"Based on these sections respondent contends that since its tax for 1931 accrued on January 1, 1931, based on its net income for 1930, at which time 1928 values could be used in computing depletion, the 1931 amendment denying that privilege cannot be used to compute the 1931 tax. To permit the February 27, 1931, amendment to apply in computing the 1931 tax, according to respondent, would be to give that [49 Cal. App. 2d 358] amendment an unlawful retroactive effect. Respondent strenuously contends that its tax liability for 1931 became a determined and accrued liability before the effective date of the amendment. To this contention there is a conclusive answer. The retroactivity alleged is more apparent than real. If the 1931 amendment be applied in computing the 1931 tax, such application is to give the amendment a prospective rather than a retroactive operation. Although under the act the net income earned in 1930 is used as a base for computing the tax due for 1931, the tax collected in 1931 is not for the privilege of doing business in 1930 but is a tax for the privilege of doing business as a corporation in California for 1931. It is a tax for the privilege of exercising a corporate franchise for the entire year 1931--that is, the current year when the act here involved became effective. The privilege being taxed is a present and continuing privilege, the amount of the tax being measured by the transactions of a prior year. Although, under the act, the tax accrued on January 1, 1931, and became a lien on the first Monday in March, 1931, the tax imposed for that year was for the entire current year. There is no reasonable or legal basis for contending that a taxpayer is entitled, regardless of legislative action, to have current taxes computed on the same basis as past taxes have been assessed. It is well settled that taxes for the current year may be changed any time during the year, and, in fact, additional taxes may be imposed during the current year on the same subject of taxation." (Italics ours.)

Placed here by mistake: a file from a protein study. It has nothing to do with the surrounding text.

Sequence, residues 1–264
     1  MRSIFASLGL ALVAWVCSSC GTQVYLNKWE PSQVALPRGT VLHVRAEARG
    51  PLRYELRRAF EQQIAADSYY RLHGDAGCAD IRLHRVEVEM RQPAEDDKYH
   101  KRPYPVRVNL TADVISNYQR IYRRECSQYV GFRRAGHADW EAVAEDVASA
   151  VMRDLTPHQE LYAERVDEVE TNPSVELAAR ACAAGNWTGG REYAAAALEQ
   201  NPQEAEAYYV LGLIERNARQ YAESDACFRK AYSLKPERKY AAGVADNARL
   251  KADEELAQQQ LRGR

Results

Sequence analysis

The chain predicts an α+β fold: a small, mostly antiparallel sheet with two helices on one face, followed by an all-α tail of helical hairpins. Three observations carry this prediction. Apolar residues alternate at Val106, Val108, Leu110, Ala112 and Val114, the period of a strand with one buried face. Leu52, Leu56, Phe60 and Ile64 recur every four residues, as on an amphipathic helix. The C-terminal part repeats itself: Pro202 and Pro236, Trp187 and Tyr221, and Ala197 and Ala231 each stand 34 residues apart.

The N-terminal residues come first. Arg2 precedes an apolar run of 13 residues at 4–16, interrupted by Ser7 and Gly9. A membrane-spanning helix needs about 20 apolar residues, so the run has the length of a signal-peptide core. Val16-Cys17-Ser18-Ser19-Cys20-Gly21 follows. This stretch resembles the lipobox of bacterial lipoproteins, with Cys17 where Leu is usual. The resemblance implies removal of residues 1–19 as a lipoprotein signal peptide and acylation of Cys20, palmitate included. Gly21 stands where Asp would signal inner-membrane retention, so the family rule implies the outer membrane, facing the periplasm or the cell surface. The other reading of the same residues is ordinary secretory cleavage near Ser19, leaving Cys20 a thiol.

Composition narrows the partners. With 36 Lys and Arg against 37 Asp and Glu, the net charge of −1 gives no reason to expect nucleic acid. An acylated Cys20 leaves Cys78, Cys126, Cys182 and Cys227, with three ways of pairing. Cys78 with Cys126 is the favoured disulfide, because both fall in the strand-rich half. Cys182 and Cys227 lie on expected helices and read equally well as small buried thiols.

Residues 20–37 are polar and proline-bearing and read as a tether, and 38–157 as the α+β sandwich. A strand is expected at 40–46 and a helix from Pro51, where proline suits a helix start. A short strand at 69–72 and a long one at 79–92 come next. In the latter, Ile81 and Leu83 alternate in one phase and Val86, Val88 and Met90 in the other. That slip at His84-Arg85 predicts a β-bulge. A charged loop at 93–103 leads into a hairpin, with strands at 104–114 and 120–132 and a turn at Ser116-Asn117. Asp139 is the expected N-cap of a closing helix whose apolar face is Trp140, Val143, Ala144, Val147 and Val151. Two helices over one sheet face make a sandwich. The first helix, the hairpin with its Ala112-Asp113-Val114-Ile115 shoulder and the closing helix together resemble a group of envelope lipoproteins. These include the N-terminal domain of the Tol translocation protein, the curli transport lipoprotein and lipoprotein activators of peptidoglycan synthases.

The same conclusion was reached in Filoli, Inc., v. Johnson, 4 Cal. 2d 662 [51 PaCal.2d 1093], as to the legal effect of another amendment to the Franchise Tax Act effective February 27, 1931. In Holmes v. McColgan, supra, the rule of the Fullerton Oil Co. case, supra, was applied to an amendment of the state personal income tax law. It was held that an amendment to that act adopted June 13, 1935, was applicable retroactively to January 1, 1935.